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  • 1
    Keywords: brain ; CELLS ; tumor ; Germany ; PATHWAY ; PATHWAYS ; CLASSIFICATION ; SYSTEM ; SYSTEMS ; GENE ; GENES ; TUMORS ; PATIENT ; MECHANISM ; CONTRAST ; mechanisms ; FREQUENCY ; polymorphism ; POLYMORPHISMS ; VARIANTS ; IDENTIFICATION ; LESIONS ; WHITE-MATTER ; SERIES ; pathology ; NEOPLASTIC TRANSFORMATION ; molecular ; VARIANT ; MUTATIONAL ANALYSIS ; ALLELES ; DYSPLASIA ; epilepsy ; focal cortical dysplasia ; FOCAL EPILEPSIES ; GANGLIOGLIOMAS ; glio-neuronal lesion ; GLIONEURONAL TUMORS ; tuberous sclerosis ; TUBEROUS SCLEROSIS COMPLEX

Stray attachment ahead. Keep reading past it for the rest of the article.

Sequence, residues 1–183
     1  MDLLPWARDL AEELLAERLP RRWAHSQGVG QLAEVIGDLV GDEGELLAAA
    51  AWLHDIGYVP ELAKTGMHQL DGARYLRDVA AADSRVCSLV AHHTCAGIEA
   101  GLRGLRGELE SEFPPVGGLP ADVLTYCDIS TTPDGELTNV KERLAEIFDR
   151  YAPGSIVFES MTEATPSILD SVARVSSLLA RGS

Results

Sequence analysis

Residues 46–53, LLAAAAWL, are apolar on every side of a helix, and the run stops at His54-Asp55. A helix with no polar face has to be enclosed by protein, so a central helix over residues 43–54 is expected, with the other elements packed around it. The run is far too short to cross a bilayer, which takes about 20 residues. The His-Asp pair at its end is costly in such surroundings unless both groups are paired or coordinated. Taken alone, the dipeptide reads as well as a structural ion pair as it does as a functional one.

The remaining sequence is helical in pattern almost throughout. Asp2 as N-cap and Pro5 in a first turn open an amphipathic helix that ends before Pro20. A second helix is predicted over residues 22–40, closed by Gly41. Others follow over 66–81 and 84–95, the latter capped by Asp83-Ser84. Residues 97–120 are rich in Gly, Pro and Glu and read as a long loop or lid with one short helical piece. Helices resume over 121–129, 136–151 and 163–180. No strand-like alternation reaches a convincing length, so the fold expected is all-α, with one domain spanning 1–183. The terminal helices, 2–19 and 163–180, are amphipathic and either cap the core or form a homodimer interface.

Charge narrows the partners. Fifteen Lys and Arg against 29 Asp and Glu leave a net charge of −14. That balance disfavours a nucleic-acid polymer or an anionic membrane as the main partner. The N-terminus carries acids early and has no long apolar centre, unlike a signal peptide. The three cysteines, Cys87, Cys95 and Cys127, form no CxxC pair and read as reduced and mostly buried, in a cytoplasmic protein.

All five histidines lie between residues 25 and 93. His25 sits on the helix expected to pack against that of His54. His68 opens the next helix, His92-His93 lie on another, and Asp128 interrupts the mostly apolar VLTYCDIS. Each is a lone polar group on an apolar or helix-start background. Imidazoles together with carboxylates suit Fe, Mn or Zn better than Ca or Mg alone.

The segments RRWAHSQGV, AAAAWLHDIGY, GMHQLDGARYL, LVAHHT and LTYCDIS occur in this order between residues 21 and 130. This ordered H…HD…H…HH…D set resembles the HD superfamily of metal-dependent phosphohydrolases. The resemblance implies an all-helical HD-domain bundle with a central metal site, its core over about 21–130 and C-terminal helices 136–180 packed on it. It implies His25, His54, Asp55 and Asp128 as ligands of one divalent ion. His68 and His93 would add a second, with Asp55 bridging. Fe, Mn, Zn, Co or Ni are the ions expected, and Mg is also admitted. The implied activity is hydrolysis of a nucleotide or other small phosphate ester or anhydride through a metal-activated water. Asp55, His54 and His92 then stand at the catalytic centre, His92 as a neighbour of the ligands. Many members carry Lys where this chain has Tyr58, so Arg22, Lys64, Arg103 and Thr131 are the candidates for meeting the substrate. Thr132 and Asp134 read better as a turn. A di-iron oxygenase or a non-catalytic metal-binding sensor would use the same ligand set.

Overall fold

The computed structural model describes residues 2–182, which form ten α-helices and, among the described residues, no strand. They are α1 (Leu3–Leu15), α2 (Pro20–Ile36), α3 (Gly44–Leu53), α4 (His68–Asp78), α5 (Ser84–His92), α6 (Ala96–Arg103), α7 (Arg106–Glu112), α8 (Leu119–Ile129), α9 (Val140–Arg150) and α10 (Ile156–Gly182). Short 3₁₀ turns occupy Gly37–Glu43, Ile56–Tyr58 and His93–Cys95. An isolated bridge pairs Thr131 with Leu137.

Abstract: Epilepsy-associated malformations of cortical development (MCDs) comprise a variety of dysplastic and neoplastic lesions of yet undetermined molecular pathology. Histopathologic similarities between MCDs and dysplastic brain lesions in the autosomal inherited neurocutaneous phacomatosis tuberous sclerosis (TSC), which affects the TSC1 and/or TSC2 genes, suggest common pathogenetic mechanisms. Previous studies revealed different alterations of TSC1 and TSC2 in epilepsy-associated malformations and glio-neuronal tumors despite histopathologic similarities. In order to examine current clinico-pathologic classification systems of cortical malformations on the molecular level, we carried out a mutational analysis of TSC1 and TSC2 in a series of surgical specimens obtained from patients with FCD without Taylor type balloon cells (FCDIIa; n = 20), architectural dysplasias (FCDI; n = 15), nodular cortical heterotopias (NCH; It = 4), and heterotopic white matter neurons (WMNH; It = 19). In FCDIIa, abundant genomic polymorphisms were detected in TSC2 (intron 4) but no allelic variants observed in exon 17 of TSCL This allelic distribution pattern is in contrast to findings in FCDI and WMNH but also to those previously reported in FCDIIb (Taylor's balloon cell type). The latter revealed increased frequencies of specific alleles only in TSCL The determination of characteristic molecular genetic alterations in specific epilepsy-associated malformations will support a comprehensive clinico-pathologic classification system and help to identify molecular pathways with potential pathogenetic relevance. Our work is supported by DFG (SFB TRB [AJB], DFG B1 42 1/1-1 [113]), BONFOR, and Deutsche Krebshilfe